But they reject that understanding of pregnancy. Instead, they opt for the familiar pro-choice/feminist view that pregnancy constitutes an affirmative burden or imposition on a woman. As they put it, pregnancy is “reproductive servitude” analogous to that of dairy cows or laying hens.
Predictably, that definition leads them to conclude that, regardless of a woman’s reasons to abort, “abortion is always necessary to vindicate a woman’s interest in ridding herself of an unwanted pregnancy,” to protect “women’s bodily integrity.”
By expanding their necessity exception so broadly, the authors completely lose sight of their own proposal in favor of sentience as a relevant moral or legal criterion and render it meaningless when applied to the human fetus. Even though they grant that some abortions may be morally illegitimate and that a woman having an abortion “has some moral obligation to abort as soon as possible,” if only in part to avoid fetal sentience, they categorically resist the conclusion that any abortions should be legally prohibited.
They identify only one, very limited, exception: where an abortion involved the intentional killing of a viable fetus that could survive outside the womb (e.g., in an artificial womb), but argue that even then, termination of pregnancy should be legally allowed.
The authors declare that they do not foresee a world in which abortion may ever become illegal and that they would not like to live in such a world. They do, however, foresee and like the idea of a world in which all animal consumption and animal products would be fully banned by law. They believe that this will eventually occur after most of the population becomes vegan.
The book then criticizes animal rights support for humane animal farming as inconsistent with the philosophical tenets of the movement, arguing that killing an animal, no matter how humanely, harms it and deprives it of a future life. They also claim that “sentient animals’ lives belong to them,” not to others, and that animals have “an interest in continued sentience,” “future-oriented behavior,” and even a “life plan.” They do not admit that the same can be said of unborn children.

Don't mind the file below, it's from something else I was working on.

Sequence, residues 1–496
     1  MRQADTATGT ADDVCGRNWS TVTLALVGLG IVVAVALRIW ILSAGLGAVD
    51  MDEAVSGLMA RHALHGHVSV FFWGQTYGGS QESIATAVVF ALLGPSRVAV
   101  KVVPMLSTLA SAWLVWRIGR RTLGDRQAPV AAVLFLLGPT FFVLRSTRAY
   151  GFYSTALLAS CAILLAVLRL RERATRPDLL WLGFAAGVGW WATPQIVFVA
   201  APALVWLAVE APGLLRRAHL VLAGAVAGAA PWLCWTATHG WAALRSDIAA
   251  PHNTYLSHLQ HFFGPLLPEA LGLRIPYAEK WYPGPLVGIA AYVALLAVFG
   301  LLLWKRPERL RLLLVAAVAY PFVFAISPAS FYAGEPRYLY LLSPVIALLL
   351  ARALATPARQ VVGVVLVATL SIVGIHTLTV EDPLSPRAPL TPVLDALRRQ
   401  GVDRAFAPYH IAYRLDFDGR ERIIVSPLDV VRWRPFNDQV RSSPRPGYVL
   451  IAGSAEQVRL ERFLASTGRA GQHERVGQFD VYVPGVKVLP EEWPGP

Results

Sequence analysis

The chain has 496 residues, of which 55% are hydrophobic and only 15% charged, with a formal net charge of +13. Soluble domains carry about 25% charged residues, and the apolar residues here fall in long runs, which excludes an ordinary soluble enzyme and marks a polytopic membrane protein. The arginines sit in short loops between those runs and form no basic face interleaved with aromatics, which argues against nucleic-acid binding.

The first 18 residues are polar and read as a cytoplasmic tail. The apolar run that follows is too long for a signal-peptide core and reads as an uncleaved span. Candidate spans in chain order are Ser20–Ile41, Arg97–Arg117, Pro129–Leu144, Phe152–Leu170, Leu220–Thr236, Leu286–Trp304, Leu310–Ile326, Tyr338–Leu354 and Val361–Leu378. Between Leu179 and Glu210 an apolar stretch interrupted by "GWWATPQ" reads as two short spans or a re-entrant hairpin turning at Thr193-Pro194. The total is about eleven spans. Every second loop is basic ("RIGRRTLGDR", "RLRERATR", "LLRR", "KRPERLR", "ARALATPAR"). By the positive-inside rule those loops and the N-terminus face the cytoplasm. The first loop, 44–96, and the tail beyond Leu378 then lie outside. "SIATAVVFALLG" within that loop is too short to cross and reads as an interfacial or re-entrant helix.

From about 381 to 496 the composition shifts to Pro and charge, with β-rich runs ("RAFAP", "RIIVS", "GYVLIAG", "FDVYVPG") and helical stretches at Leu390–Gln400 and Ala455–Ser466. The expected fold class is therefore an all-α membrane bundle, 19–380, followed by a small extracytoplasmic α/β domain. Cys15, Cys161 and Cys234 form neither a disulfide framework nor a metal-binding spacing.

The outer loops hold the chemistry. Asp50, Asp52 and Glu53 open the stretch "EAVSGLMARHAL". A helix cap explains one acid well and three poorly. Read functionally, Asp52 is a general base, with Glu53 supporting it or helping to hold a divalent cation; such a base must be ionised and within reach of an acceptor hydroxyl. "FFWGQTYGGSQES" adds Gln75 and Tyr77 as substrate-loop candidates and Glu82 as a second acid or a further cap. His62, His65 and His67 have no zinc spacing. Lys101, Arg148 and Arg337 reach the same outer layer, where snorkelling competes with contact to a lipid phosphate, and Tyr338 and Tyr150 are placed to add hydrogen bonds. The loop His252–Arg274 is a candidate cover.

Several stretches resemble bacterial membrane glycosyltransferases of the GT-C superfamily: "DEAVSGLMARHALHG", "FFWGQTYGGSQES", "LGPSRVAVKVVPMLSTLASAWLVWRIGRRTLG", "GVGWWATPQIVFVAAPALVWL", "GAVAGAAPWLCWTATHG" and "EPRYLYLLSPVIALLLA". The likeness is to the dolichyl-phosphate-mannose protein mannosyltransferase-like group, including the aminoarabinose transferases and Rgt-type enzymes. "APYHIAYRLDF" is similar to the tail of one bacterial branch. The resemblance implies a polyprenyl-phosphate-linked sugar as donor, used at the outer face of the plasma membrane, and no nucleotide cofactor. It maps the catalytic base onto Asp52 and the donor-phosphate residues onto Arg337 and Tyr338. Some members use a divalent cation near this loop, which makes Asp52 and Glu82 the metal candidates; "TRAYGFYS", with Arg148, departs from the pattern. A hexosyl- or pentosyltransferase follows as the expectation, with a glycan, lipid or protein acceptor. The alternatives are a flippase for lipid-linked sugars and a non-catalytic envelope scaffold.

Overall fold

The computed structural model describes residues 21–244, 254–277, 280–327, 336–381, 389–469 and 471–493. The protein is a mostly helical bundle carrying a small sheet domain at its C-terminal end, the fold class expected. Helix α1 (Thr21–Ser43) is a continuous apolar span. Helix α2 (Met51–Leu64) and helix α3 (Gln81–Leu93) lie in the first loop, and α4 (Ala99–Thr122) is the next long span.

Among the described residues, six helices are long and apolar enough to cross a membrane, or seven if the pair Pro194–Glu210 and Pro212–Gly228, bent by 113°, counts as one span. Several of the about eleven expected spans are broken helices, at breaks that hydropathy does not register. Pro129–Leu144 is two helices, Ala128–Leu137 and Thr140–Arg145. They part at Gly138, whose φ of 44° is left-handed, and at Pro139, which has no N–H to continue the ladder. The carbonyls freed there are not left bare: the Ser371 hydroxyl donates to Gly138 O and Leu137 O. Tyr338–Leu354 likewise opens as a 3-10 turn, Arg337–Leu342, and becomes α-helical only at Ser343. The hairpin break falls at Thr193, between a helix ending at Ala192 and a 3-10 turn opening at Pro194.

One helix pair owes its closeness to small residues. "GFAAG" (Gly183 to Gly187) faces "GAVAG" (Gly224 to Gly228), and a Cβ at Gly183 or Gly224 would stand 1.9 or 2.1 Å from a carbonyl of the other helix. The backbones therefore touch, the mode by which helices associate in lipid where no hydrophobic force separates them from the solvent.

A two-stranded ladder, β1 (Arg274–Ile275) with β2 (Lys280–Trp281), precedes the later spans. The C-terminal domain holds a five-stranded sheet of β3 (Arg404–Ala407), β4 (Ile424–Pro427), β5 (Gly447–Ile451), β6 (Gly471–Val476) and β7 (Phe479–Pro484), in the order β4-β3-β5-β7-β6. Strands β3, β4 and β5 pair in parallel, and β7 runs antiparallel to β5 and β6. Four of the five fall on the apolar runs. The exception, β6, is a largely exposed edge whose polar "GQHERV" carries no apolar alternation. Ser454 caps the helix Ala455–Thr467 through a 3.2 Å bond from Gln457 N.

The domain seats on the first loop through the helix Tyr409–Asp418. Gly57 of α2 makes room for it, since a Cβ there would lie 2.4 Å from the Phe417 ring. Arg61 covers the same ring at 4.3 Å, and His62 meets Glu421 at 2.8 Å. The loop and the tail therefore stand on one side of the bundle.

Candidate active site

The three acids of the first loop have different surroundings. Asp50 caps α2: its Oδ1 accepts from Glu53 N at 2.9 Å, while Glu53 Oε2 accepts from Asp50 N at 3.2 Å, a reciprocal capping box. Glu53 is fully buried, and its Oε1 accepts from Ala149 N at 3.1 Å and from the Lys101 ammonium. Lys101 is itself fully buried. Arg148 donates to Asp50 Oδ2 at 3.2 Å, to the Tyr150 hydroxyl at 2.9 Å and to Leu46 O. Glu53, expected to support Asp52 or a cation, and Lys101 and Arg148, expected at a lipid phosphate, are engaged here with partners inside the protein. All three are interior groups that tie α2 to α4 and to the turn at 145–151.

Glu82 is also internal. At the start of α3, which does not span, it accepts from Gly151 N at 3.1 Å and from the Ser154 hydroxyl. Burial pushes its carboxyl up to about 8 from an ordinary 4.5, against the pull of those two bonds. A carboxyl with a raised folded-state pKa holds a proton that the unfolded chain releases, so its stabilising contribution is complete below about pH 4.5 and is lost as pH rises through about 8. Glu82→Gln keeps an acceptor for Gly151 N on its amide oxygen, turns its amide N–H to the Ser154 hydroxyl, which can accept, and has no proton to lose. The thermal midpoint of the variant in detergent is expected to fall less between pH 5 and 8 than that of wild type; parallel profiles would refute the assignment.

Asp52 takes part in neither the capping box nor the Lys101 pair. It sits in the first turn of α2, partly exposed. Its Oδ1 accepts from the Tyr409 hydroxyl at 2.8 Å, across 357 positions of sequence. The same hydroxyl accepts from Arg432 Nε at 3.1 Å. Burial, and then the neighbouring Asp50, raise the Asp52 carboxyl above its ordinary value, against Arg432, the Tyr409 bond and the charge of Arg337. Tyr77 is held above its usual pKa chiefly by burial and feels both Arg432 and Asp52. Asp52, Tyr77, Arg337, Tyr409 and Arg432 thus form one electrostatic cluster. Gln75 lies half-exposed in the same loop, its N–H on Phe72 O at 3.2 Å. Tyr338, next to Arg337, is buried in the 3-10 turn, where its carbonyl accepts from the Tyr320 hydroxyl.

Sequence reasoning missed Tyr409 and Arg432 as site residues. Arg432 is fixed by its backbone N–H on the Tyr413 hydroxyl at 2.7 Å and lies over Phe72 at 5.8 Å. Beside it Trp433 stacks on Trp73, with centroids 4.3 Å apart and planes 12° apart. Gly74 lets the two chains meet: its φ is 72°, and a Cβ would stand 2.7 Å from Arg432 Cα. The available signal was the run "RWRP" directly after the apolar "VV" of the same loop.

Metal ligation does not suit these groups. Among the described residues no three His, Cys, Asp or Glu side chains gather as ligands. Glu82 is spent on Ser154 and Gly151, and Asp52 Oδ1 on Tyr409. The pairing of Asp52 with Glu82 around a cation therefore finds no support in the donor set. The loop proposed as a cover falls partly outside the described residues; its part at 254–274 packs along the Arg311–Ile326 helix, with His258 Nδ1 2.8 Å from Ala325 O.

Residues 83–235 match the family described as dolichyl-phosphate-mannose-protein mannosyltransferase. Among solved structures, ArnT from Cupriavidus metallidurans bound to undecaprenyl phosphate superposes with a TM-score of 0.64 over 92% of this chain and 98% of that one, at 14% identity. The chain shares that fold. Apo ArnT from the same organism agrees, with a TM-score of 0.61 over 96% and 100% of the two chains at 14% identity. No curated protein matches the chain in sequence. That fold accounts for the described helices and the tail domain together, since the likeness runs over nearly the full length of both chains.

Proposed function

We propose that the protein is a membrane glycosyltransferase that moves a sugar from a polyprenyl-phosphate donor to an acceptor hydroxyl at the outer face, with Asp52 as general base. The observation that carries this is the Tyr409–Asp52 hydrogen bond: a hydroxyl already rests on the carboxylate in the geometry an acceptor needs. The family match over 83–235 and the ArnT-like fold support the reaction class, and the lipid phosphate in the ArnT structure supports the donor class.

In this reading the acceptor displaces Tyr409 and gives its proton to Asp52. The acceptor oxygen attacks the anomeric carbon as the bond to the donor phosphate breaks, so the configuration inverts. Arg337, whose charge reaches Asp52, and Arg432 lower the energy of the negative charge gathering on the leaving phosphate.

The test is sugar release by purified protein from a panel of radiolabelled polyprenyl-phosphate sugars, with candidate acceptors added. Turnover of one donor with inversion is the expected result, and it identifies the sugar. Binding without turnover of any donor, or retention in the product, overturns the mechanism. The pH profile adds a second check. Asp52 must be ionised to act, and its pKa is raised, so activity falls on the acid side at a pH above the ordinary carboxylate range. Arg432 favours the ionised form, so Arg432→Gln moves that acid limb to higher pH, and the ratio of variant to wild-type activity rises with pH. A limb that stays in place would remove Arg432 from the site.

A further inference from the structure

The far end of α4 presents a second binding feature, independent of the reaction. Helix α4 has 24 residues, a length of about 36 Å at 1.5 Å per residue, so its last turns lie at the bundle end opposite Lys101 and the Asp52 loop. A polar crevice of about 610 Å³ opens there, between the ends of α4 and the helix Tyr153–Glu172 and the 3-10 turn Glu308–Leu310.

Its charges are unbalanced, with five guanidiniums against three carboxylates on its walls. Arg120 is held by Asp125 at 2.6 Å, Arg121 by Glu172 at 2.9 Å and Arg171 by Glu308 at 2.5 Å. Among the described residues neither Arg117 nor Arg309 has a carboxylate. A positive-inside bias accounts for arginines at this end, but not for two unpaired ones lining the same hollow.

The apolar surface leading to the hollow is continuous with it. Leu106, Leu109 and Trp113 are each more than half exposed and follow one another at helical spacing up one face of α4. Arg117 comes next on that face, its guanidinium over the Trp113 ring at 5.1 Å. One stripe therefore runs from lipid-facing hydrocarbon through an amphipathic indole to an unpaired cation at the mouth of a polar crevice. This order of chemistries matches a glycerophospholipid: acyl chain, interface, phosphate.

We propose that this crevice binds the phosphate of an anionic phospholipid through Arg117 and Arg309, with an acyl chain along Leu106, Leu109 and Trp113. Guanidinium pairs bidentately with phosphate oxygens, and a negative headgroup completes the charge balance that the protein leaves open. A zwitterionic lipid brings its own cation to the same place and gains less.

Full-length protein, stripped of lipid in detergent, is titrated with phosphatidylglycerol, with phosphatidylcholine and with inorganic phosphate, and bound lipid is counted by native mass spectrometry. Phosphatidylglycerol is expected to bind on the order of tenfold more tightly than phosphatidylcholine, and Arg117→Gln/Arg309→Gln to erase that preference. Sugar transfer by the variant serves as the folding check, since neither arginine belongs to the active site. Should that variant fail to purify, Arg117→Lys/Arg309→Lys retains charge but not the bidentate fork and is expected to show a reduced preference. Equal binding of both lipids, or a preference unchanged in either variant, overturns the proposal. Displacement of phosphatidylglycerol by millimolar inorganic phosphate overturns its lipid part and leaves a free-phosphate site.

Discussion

The authors express moral repugnance toward practices that cause unnecessary harm to animals, such as dogfighting and vivisection. They are disgusted by the eating of “animal flesh and hormonal secretions,” and are appalled to find out that some hospital menus include egg-based French toast and chicken.
They show little sensitivity, however, for human fetuses subjected to the barbaric partial-birth abortion procedure.
They deplore the sentimentality of Justice Kennedy’s majority opinion in the Gonzales v. Carhart Supreme Court decision that upheld a ban on partial-birth abortion, and criticize the inclusion of detailed descriptions of the procedure’s violence and resulting fetal suffering in sentient fetuses.
The book ends by applauding the extravagant proposal that domestic animals should be granted citizenship rights (with some limitations) and other animals be granted an alternative legal status, including territorial sovereignty for wild animals. Other proposals are scattered throughout the book without much development. They propose, for example, that the government should provide aid to needy animals in the form of healthcare and other benefits, just as it seeks to make healthcare affordable for its citizens.
The book, however, makes no proposal to grant any similar legal rights or status to the sentient human fetus, even beyond the context of abortion. The stark double standards applied to animals and human fetuses indicate that the authors did not sincerely expect to adhere to the argument for sentience as a criterion to assess either the morality or the legality of abortion, only that of animal rights.
Ultimately, the authors do not make any new arguments for abortion rights, and they fail to make a logical or persuasive case for the compatibility of animal rights and abortion rights advocacy.
What the book mostly does is expose the inherent contradictions of the pro-choice animal rights position.
Sadly, the book also illustrates the extent to which abortion rights dogma can obscure human reason and harden the human heart to the point that the same person who feels empathy and sensitivity for animal suffering can utterly lack compassion for the lethal violence and excruciating pain that unborn children experience when their lives are ended in the womb.
Ligia De Jesus Castaldi is associate professor at Ave Maria School of Law.